Overdose deaths hit record
The plague of synthetic opioids worsened in 2020
In 2020, a record 621 people in San Francisco died of drug overdoses, up from 441 in 2019 and more than three times the number of COVID-19 deaths in the county. Across the country, the coronavirus killed far more people than illegal drugs did, but San Francisco’s plight underscores how the opioid epidemic continued to rage in the shadow of the pandemic.
In mid-December, the U.S. Centers for Disease Control and Prevention reported more than 81,000 Americans died of drug overdoses in the 12 months ending in May—the highest number ever recorded in one year. The CDC warned states must implement more prevention measures before the crisis worsens.
Abuse of prescription medications such as oxycodone initially drove the opioid crisis in the United States, with heroin dominating the scene after government agencies cracked down. Now synthetic opioids are more prevalent, and the CDC cites them as the primary driver of the overall increase in overdose deaths last year. Synthetic opioid–related deaths increased by nearly 40 percent in the 12 months ending in May 2020 compared to a similar time frame the prior year. Illicit fentanyl, a synthetic opioid 80 to 100 times stronger than morphine, has flooded the drug market, sometimes mixed with drugs like cocaine or packaged as a prescription pill. In August, the Drug Enforcement Administration warned about a sharp rise in fentanyl overdoses in San Diego. In 2019, the city recorded 152 fentanyl overdose deaths. In the first half of 2020, preliminary numbers showed 203.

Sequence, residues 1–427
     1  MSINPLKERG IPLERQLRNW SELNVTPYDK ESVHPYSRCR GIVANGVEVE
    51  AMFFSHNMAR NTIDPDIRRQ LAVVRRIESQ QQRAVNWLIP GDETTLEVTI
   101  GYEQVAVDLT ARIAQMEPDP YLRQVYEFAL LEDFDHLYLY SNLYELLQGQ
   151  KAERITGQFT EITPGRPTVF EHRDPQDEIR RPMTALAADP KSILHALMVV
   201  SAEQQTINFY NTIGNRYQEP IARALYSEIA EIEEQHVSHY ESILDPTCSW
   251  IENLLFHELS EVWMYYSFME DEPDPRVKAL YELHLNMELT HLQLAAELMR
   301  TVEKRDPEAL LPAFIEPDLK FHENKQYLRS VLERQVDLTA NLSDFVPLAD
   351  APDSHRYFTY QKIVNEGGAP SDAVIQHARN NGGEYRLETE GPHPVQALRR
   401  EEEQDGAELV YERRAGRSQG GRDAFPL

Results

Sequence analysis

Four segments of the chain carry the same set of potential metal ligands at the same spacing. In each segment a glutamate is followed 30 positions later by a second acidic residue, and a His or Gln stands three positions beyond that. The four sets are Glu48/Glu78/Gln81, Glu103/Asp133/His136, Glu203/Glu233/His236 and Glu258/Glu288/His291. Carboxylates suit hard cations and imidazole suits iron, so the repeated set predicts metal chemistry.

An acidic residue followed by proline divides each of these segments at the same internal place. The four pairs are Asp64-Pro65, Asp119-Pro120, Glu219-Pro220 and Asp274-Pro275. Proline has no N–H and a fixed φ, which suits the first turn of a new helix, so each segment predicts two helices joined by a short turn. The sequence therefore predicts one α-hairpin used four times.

But the pandemic likely also contributed to the worsening opioid crisis. Without in-person counseling and groups, recovering addicts lost important support. Rehabilitation programs stopped accepting new clients for fear of spreading COVID-19, and addiction ministries lost money and volunteers. Danielle York—a recovering alcoholic in her mid-30s—was halfway through the rehab program at Providence House in Denver when the pandemic hit. She found herself with little human contact and lots of time. “When you don’t have a schedule it’s hard because your mind plays with you,” she said. “You’re stuck in your apartment thinking, ‘No one would know.’”
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